The classic caliciviruses and the NLVs are small (27-40 nm diameter), nonenveloped particles which are readily distinguishable from each other by their differing morphologies when examined by electron microscopy. They have a buoyant density of 1.33-1.41 g/cm3 (7,11). Classic caliciviruses or Sapporo-like viruses were originally named for the 32 calyces or cup-shaped depressions on the virion surface giving a Star of David-like appearance (12). Norwalk-like viruses have a less clearly defined or more ragged morphology. Although morphological differences are readily apparent, classic calicivirus and NLVs apparently have some common antigenic epitopes as well as similar geno-mic structures (1,13,14). The virion of the NLV is composed of a highly variable outer coat (capsid), a small basic protein, and a 7.7-kb positive-polarity, single-stranded RNA genome (13). X-ray crystallography performed on recombinant capsid-like particles demonstrated that the capsid has a t = 3 symmetry and is assembled from 180 monomeric units of a single 56.6 kDa protein (15-17). Several NLV genomes have been cloned and sequenced. All genomes encode three open reading frames (orf) (18-22). The first orf encodes a large polyprotein, which is proteolytically processed into a number of different proteins including a helicase, a cysteine proteinase, and an RNA-dependent RNA polymerase. The second and third orfs encode the capsid protein and small basic proteins, respectively. The function of the small basic protein has not formally been ascribed; however, its basic amino acid composition coupled with its presence in the virion suggests it may be an RNA-binding protein (3). A long poly A tail is located at the 3' end of the genome.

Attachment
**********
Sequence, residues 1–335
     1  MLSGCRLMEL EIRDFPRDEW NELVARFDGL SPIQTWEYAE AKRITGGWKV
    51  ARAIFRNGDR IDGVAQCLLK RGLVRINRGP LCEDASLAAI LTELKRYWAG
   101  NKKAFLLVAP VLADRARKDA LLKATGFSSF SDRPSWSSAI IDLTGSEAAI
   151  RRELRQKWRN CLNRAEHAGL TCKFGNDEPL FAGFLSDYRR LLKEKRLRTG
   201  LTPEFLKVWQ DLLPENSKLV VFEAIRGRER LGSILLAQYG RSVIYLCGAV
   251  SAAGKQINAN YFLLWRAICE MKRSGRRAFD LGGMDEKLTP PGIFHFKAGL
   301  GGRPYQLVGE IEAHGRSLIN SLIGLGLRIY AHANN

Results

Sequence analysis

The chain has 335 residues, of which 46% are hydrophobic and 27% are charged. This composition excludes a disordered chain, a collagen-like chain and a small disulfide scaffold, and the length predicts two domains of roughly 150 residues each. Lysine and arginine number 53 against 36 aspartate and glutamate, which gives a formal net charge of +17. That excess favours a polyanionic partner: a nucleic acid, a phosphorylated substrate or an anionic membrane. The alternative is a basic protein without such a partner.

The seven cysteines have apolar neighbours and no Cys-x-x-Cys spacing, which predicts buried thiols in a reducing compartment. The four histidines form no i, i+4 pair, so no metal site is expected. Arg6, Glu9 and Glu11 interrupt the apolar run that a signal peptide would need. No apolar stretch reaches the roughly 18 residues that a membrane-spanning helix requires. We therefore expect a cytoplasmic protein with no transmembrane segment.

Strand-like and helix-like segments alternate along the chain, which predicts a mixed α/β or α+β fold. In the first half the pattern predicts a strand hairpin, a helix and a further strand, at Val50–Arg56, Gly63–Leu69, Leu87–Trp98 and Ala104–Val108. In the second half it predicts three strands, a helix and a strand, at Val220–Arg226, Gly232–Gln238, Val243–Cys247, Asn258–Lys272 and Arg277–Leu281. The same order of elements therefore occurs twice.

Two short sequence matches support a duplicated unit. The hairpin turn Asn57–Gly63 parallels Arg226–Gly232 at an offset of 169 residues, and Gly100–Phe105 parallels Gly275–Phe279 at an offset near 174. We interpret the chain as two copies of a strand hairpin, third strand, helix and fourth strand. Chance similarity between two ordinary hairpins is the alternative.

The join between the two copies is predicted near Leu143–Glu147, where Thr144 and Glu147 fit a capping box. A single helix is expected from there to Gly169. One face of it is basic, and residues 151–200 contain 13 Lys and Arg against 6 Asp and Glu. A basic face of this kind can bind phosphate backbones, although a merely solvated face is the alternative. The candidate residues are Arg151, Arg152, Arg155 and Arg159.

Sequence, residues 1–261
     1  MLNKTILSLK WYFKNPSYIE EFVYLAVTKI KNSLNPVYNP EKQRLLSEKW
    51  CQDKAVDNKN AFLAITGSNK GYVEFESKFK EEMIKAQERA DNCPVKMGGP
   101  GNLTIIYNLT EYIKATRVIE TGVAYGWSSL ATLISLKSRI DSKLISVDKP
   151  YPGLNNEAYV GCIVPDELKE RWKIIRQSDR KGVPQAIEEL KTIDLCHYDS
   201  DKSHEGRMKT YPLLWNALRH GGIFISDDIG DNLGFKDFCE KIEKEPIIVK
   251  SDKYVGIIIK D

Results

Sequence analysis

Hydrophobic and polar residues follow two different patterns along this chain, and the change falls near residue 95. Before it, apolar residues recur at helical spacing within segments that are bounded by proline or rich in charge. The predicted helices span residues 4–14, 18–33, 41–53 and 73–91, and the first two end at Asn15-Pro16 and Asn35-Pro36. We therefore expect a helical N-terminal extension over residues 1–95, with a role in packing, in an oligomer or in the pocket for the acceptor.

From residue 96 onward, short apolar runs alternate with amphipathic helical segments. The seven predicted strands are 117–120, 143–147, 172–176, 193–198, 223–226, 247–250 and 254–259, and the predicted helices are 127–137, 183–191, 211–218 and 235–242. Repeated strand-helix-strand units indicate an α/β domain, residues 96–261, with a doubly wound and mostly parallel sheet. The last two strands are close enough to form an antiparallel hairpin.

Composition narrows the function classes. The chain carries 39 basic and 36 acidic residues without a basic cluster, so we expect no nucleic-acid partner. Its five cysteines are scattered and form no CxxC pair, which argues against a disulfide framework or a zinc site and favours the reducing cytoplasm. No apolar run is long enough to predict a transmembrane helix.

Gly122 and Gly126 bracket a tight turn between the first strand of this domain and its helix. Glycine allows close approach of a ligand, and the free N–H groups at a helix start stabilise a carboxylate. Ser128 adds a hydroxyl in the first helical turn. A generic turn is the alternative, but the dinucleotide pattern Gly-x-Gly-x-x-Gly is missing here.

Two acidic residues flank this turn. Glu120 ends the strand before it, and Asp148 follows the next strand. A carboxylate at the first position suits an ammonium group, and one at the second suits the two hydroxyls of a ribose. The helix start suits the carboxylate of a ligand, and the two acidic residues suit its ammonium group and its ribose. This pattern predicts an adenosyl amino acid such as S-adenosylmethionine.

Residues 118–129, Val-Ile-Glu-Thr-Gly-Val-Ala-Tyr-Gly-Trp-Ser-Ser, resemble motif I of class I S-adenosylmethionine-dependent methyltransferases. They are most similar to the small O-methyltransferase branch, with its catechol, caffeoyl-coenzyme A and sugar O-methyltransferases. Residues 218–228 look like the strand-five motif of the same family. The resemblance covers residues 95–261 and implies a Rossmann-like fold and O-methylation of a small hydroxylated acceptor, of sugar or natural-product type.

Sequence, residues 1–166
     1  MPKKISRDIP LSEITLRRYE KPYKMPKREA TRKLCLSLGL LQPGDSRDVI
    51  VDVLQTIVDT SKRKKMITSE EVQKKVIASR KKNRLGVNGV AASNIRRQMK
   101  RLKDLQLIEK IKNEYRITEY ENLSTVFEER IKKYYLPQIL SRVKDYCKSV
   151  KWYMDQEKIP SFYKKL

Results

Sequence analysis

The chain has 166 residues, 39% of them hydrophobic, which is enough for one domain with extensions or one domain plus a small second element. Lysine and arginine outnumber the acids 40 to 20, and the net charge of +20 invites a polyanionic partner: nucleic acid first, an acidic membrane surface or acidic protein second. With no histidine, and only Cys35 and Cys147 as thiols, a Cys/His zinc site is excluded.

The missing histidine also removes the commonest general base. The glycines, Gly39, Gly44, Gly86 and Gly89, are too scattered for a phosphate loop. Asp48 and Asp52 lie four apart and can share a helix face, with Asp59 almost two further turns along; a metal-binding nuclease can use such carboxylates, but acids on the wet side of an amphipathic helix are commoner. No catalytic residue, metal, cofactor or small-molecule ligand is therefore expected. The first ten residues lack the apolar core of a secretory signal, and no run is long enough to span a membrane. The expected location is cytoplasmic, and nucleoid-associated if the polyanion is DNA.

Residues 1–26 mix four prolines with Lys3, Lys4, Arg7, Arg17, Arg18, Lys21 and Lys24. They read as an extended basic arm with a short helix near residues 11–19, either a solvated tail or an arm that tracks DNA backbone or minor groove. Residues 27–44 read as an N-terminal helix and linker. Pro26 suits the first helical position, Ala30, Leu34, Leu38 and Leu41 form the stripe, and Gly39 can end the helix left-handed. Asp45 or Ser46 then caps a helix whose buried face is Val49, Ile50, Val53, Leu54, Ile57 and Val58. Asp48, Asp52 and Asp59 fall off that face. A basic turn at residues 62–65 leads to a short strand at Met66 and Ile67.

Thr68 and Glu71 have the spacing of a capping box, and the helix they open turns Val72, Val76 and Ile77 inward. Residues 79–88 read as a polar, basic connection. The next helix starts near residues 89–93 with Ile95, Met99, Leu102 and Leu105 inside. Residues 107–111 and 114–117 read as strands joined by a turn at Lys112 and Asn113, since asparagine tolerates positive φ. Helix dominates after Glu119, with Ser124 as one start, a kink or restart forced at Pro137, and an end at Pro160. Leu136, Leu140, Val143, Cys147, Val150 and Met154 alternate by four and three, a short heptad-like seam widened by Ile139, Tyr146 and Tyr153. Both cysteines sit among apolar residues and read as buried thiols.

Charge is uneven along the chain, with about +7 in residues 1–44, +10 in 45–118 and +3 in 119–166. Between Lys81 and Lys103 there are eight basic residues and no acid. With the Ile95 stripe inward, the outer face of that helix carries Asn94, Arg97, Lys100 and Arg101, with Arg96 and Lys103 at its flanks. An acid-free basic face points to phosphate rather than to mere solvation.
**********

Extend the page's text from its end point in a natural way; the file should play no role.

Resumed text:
Human caliciviruses are presently divided into three genogroups based on antigenic and genome sequence differences, as well as slight differences in length and alignment of the open reading frames. Genogroup I includes the prototypical Norwalk virus, as well as Desert Shield, Cruise Ship, Montgomery County, and Southampton viruses. Genogroup II, of which Snow Mountain is the prototype, includes the Gwynedd, Toronto, Hawaii, Lordsdale, Mexico, Camberwell, Melksham, and White River viruses. Collectively genogroups I and II comprise the NLVs. The classic human caliciviruses are classified as genogroup III. These include the prototypical Sapporo virus, as well as the Houston, London, and Parkville virus strains (4,23). Despite genomic similarities, these three genogroups are quite divergent and a considerable degree of genetic variation is readily observed among individual strains within these three genogroups (4,23-29). For example, when 16 orf 1 PCR amplicons from genogroup I viruses were sequenced, the nucleotide identity was as low as 64% (30). The comparison of 20 genotype II strains revealed as little as 61% nucleotide sequence identity in orf 1, while analyses of orfs 2 and 3 for genogroups I and II also demonstrated a high degree of diversity (30). Although genogroup I viruses are common in the United States, genogroup II viruses may predominate as the leading cause of infections within the United States (26,29). Geno-group III caliciviruses cause gastroenteritis, principally in infants, and are less commonly associated with foodborne transmission than viruses in genogroups I and II (12).

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